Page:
Letter from Gail Morris: Western Monarch Spring Report #3
Dear Western Monarch friends,
Cool stormy weather accompanied by high winds at times swaddled California and the Southwest this week. Monarch activity was limited to only the warmest days, but sightings increased in areas where monarchs were already present and multiplied locally.
Many people in the West are feeling especially discouraged with the rapid decline in overwintering monarchs at known sites along the California coast over the last few years. This year in particular was especially heart wrenching. But monarchs in the West are genetically similar to Eastern monarchs indicating population mixing. This week we had a reminder that not all monarchs in the West stay in the West. There is hope!
When we look at new sightings of monarchs in California this week, we see most are appearing along the coast where the climate is still favorable. Accounts vary, so please do send in your sightings to let us know what you are seeing each week.
Starting in Northern California in Oakland, Rosemary reported her first monarch on March 12. “It spent a lot of time on my ceanothus getting nectar.” The greater San Francisco area in general has reported breeding monarchs this winter, a phenomenon documented only recently. You can see this yourself by changing the year under the “Adult Monarch” map to compare where sightings are more common in April onward previously.
In Southern California, Dawn in Carlsbad noted, “I usually see many and have caterpillars by now, but have had none all winter.” On March 13 Ingrid in Ontario saw her first monarch of the season. “Here is another photo of the first Monarch sighted in my butterfly garden feeding on Encelia californica, a California native bush sunflower.”
Dwain in Westminster saw two monarchs on March 13. “I noticed 2 caterpillars on my plants a couple days ago. Last winter I had 18 caterpillars that made it to adult butterfly to fly away. This year, roughly zero. These are the first 2 I’ve seen in months. Usually in my area the monarchs and humming birds stay all year or at least flutter through. The winters are getting warmer. Anyways, I seen two ragged looking adult monarchs this morning nectaring and laying eggs. Please lord help save these beautiful creatures.”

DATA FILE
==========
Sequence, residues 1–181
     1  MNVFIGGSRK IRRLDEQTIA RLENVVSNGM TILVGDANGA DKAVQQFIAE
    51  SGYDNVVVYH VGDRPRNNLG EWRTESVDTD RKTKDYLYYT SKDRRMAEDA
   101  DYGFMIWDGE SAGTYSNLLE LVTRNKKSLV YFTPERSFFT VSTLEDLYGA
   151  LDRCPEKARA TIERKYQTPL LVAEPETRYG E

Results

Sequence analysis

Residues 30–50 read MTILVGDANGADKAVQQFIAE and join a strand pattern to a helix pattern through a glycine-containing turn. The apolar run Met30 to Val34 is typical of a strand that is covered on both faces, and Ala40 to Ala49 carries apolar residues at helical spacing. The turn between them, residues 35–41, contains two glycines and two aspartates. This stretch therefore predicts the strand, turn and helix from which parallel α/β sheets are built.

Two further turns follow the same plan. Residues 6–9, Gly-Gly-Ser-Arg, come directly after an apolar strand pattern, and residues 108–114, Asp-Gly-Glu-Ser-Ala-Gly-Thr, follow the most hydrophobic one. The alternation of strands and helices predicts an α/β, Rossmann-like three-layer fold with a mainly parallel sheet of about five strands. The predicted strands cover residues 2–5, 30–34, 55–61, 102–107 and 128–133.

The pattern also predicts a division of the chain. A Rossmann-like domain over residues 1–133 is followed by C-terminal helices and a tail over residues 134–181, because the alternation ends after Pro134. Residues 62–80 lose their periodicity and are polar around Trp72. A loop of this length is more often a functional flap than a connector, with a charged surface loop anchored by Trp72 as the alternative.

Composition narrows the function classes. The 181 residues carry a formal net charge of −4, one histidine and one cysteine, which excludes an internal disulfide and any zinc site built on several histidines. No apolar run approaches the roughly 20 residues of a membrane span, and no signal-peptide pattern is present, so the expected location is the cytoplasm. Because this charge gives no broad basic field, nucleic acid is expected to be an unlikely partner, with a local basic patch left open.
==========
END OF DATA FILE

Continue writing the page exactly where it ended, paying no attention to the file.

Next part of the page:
Many singleton monarchs were reported in the greater Los Angeles area this week as well. For example, Sara in Simi Valley saw one, “One adult monarch flying through backyard.” But Alison in Imperial Beach was lucky to see several on March 12: “Multiple adult monarchs spotted on milkweed plants. At least 4 seen swooping mating like flying!”
We are not hearing only about only about adult monarchs! Eggs and larvae were discovered this week, too. J in La Mirada found monarch eggs on his plants. “Gathered 5 eggs from milkweed in my yard.” Meanwhile Lisa found larvae in Los Alamitos. “15 larva on milkweed plant. One beginning pupa state 3/09/2021.”
Be sure to look at the Adult Sighting map to see the new monarchs appearing in small groupings in California and Arizona as the population begins to slowly expand:
Monarchs in the lower deserts of Arizona were clinging to branches of trees and shrubs to survive the high winds, rains and cool temperatures this week. This likely blunted new monarch sightings. But monarchs reported earlier were still around in yards and parks when conditions were favorable. The male monarch visiting my yard last week was still here when it was warm and sunny. In fact, yesterday when I looked out the window another male flew in resulting in quite a duel until he was able to reclaim the yard for his own. Luckily, a warming trend will raise temperatures to the upper 80’s in a few days and more monarchs will hopefully appear across the deserts.